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Are YOU following the CBA’s ‘Better Ad Standards’ rules?

David Bosley

We know that Google and Facebook business leaders feel as though they’re all-powerful and all-knowing when it comes to consumers, but did you know that they’ve ganged up with mega-brands from around the globe to create a Coalition for Better Ads? That’s right, there’s an international symposium of ad providers that includes Microsoft, NewsCorp, IAB, Proctor & Gamble, The Washington Post, Unilever and Reuters — all focused on ensuring that advertisers are delivering ads that don’t tick off consumers. And they have the collective power to limit the visibility of ads that don’t meet their “standards.”

Sound frightening? Yeah, it kinda is. And changes are coming at you fast. February 2018, to be exact — approximately 10 months after the standards were initially released. A significant amount of research went into forming the standards, including consumer preference ratings of 104 different types of ads by over 25,000 consumers. Several desktop and mobile advertising experiences were targeted as being a negative experience for consumers: auto-play video ads with sound, large sticky ads, pop-up ads and prestitial ads with countdown. Do you recognize ads that you’re using in that list? You better get busy replacing them with some that are considered by the omnipotent CBA (Coalition for Better Ads) to be less offensive.

Better Ad Standards

In their infinite wisdom, the CBA has defined what they call ‘Better Ad Standards’, and they will be expecting advertisers in all realms to adhere to these recommendations . . . or else. There are several desktop and mobile web ad experiences that fall beneath the lofty goals for consumer acceptance. The stated goal is to reduce the number of consumers who resort to ad blockers — which gives advertisers a path forward for advertising that actually adds value to consumers. The type of ads that are recommended for avoidance include:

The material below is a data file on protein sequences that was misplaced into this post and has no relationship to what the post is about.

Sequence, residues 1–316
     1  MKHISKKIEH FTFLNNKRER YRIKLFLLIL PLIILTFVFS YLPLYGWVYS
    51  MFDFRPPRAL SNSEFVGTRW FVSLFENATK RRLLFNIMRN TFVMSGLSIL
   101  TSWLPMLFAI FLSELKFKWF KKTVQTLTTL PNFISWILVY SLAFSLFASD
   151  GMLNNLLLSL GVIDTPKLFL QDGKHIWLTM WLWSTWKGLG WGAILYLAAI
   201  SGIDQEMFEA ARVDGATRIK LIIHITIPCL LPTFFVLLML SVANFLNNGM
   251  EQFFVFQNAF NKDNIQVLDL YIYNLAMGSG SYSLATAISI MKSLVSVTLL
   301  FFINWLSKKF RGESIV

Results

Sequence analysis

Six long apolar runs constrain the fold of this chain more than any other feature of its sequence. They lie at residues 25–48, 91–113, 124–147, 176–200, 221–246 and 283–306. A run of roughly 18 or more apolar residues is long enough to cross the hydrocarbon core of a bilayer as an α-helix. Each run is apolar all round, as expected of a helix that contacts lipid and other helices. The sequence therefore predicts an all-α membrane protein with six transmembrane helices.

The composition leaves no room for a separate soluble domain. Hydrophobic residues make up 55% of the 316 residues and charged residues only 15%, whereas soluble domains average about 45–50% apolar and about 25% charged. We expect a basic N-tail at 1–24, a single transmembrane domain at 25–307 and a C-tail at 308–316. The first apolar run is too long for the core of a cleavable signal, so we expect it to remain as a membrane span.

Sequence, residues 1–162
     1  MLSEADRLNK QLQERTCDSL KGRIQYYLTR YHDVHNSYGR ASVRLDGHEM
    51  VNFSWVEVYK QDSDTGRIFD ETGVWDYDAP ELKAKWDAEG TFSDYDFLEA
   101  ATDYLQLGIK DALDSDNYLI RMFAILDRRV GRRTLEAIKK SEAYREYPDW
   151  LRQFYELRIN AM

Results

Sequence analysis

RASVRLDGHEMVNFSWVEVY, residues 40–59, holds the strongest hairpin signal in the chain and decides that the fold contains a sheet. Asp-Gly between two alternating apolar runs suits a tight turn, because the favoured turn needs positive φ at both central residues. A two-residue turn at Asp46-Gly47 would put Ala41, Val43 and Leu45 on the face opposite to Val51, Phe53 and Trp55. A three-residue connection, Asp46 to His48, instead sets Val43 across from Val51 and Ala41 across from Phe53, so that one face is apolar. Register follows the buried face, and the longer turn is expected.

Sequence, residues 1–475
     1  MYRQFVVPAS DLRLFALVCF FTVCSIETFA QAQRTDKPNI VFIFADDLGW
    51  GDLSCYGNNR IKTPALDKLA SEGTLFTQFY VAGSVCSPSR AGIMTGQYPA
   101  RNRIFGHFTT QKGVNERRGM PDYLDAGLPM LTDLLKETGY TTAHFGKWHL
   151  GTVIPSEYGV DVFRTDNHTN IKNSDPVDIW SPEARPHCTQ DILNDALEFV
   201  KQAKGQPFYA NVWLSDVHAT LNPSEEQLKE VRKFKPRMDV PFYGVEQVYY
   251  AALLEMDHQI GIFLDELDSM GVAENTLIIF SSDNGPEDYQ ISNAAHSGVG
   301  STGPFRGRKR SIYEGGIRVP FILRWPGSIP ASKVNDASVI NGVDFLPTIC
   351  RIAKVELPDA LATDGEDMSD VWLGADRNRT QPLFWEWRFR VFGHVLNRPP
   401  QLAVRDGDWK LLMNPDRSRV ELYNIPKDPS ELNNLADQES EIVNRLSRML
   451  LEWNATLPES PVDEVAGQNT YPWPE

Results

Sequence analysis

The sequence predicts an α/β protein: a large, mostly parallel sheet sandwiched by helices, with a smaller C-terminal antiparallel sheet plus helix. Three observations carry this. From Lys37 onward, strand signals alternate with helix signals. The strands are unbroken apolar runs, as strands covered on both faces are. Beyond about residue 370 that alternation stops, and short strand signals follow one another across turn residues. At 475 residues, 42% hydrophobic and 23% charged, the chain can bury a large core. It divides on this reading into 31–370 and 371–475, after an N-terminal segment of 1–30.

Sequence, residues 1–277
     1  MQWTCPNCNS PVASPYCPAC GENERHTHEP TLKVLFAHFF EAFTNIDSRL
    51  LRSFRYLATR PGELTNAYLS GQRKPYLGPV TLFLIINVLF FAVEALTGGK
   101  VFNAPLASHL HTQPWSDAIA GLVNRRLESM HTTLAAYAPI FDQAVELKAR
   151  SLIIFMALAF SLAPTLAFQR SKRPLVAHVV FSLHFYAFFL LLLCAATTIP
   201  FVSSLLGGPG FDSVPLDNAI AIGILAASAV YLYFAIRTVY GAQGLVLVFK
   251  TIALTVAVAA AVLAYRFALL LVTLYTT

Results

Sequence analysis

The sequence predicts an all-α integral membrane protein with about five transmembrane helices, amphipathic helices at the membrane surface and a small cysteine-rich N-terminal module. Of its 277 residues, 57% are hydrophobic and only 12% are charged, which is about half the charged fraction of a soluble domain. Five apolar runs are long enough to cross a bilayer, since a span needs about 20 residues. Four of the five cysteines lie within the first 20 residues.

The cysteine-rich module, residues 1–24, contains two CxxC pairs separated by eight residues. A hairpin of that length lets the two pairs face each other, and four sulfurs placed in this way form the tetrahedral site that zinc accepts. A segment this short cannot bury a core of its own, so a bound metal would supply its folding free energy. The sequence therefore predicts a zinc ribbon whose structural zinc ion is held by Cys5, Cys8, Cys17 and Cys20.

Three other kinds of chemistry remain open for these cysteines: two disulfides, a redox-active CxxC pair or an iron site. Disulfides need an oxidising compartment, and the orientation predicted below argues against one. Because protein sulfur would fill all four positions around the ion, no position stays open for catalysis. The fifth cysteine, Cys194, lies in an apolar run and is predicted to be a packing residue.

• Pop-up ads
  • Auto-playing videos with countdown
  • Prestitial ads with countdown
  • Large sticky ads


  • Pop-up ads
  • Prestitial ads
  • Ad density higher than 30 percent
  • Flashing animated ads
  • Auto-playing video ads with sound
  • Postitial ads with countdown
  • Full-screen scrollover ads
  • Large sticky ads

Do these ad types sound familiar? Most advertisers have at least one of these options implemented on their website at any one time — and possibly more than one.

Digital Advertising Funnel

LEAN Scoring System

The Coalition is actively working on creating a scoring system for advertising that is supposed to improve the user experience across a variety of screens. Marketers are encouraged to “responsibly leverage data to achieve deeper engagement with consumers“, according to Tom Benton, CEO of the Data & Marketing Association (DMA). The high standards will also include sanctions against those who do not comply. LEAN stands for Light Encrypted Ad Choice Supported Non-invasive Ads, and the principles were first released in 2015. However, until February 2018, there were no real sanctions against organizations who chose not to adopt. These invasive ads are so prevalent on the internet today that consumers are actively forcing ad-blocking software to take over. Want to check your advertising’s compliance with the standards? Google’s Ad Experience Report Tool provides some additional information and a quick way to confirm compliance.

Quick Bypass

One of the best ways to quickly bring ads into compliance is to allow consumers a simple way to bypass your advertising. This can be by creating advertising that is more benefits-related and more in the content marketing realm than massive pop-ups, or even making video ads require user interaction in order to start playing. Better ditch those oversized pop-ups, too, or you’re going to find yourself on the wrong side of the CBA “lawmakers” and facing their “sanctions” — none of which are fully defined as of yet.